On a technical level, to me, this feels nothing like writing comics. A comic script doesn't have to care if what it's asking characters to do is impossible, or even simply inadvisable. All that matters is whether it can be justified by the story, and then drawn into it. At no point during the writing of Indifference Engine 2 did I find myself asking if we could afford to open fifty dimensional portals and have mutated, superhuman versions of the protagonist spilling out of them. The story needed them, Russ was happy drawing them and that was all that mattered. Moreover, it actually takes me way less time and effort to write something like "DOUBLE-PAGE SPREAD: PLANET EXPLODES" than to fill those pages with intense but essentially realistic kitchen-sink drama. The world's on its head here, and it takes a moment to adjust.
With this screenplay, every prop I destroy or fire I light is going to cost someone money and potentially put someone in danger. I'm writing stunts that real people have to then perform in real life (although that was actually true of Master Merlini too, and on a much larger scale). Lines that read fluidly or rhythmically on a page can feel weird and clunky coming out of a real human mouth, and a scene that takes three panels to show on a comic page can take several minutes of screen time to get to the same place.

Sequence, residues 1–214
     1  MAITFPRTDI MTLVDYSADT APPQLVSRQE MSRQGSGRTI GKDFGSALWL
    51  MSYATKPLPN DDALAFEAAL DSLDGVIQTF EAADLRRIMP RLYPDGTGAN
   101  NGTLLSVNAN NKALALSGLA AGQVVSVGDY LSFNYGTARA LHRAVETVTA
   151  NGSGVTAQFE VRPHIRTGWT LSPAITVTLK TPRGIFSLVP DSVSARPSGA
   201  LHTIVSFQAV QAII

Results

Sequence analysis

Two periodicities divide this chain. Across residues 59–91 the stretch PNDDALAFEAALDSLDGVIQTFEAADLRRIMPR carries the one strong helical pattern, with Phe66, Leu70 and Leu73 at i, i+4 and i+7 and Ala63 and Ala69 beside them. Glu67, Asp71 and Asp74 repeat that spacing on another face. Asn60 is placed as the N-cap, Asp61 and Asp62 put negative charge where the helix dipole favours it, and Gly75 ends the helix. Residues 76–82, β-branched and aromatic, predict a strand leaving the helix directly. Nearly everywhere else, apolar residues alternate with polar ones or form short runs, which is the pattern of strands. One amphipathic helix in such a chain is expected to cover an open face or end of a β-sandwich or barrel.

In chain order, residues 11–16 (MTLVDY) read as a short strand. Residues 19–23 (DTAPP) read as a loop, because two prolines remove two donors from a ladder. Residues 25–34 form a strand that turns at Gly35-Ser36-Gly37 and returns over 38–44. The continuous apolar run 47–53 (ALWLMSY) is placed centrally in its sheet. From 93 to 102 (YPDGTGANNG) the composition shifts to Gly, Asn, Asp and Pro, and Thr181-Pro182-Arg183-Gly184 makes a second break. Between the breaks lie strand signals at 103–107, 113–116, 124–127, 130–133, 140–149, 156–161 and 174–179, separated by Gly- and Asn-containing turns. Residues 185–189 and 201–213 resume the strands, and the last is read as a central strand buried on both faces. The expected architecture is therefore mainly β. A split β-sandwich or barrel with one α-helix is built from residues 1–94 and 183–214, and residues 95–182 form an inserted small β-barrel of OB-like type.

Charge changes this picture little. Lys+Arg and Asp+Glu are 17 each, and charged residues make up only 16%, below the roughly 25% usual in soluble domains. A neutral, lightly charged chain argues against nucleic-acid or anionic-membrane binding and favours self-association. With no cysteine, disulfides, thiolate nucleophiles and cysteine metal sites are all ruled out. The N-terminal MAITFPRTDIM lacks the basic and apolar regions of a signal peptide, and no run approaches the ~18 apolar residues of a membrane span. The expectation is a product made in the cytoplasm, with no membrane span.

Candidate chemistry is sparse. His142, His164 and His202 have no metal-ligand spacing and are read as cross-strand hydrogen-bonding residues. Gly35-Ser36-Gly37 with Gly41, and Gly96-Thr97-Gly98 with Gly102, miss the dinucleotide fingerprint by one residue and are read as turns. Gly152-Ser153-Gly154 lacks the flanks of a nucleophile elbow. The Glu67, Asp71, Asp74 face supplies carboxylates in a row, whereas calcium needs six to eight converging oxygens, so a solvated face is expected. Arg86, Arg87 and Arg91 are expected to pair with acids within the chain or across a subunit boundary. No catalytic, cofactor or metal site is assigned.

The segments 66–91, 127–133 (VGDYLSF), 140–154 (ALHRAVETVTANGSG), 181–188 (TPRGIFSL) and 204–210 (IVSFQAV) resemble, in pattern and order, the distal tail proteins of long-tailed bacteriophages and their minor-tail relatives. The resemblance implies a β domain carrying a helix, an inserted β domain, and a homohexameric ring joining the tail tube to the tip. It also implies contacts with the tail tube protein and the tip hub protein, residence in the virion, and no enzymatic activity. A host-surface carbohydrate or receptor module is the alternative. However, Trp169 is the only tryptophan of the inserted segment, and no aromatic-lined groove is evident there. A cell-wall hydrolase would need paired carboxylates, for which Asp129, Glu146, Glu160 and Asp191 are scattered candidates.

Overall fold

That's probably the biggest difference I've noticed over the course of this project so far. In comics, your primary currency is page space. You measure your plot beats out by the page, and every word you insert into a panel obscures some of the artwork. It's this enormously complex balancing act where a slight wobble in any direction results in the story falling apart. With a screenplay, it feels much more like your currency is time. The expectation going in is that every page of the script will average out at a minute of screen time. It's a useful enough rule of thumb, but it doesn't really tell you anything. How much of the story needs to be told in that minute? How flexible is the running time of the finished film going to be? Factor in that there are human performers involved - not to mention numerous editing, scoring and other processes and you can easily end up with a film that bears very little resemblance to the script it came from. My job, as I see it at this stage, is to play my part in the process as well as I can, and to be as surprised as anyone at what comes out at the other end.